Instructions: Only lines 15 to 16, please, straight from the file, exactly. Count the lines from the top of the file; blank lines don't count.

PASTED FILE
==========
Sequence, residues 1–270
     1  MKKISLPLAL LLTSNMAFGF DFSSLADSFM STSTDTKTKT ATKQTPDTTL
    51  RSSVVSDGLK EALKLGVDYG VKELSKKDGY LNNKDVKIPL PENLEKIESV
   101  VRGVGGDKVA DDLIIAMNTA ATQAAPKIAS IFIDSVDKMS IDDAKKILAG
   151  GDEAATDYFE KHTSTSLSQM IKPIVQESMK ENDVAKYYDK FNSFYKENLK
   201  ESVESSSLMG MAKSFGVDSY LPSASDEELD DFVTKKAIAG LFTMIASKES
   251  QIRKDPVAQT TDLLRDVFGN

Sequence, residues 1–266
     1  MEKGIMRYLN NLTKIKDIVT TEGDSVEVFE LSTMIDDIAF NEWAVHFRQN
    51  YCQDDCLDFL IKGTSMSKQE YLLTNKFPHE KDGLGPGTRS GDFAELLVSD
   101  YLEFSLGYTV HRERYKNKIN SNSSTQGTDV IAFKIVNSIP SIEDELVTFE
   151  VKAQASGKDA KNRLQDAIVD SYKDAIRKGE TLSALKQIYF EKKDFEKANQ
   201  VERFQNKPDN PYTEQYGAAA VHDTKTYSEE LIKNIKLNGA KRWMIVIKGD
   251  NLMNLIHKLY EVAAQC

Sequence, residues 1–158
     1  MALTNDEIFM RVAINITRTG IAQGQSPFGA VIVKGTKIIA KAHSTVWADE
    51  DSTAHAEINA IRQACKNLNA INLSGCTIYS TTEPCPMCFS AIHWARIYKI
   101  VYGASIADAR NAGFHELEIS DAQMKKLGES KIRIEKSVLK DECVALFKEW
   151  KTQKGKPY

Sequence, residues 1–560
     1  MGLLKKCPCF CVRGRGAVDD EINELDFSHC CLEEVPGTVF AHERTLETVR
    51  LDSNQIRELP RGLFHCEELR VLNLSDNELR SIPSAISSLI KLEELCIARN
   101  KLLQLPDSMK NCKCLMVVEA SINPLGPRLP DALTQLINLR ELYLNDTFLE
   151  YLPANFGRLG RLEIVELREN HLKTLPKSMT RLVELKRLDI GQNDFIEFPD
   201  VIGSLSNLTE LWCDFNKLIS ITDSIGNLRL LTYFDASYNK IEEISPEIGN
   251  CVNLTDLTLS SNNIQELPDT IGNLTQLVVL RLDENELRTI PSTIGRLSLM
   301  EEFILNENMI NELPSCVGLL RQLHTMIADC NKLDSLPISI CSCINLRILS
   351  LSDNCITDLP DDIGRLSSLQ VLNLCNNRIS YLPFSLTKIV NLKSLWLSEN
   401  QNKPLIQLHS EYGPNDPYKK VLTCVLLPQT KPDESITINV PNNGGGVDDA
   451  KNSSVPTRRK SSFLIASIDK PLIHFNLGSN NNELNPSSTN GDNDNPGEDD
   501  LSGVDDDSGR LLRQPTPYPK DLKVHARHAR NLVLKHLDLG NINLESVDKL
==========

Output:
Sequence, residues 1–158
     1  MALTNDEIFM RVAINITRTG IAQGQSPFGA VIVKGTKIIA KAHSTVWADE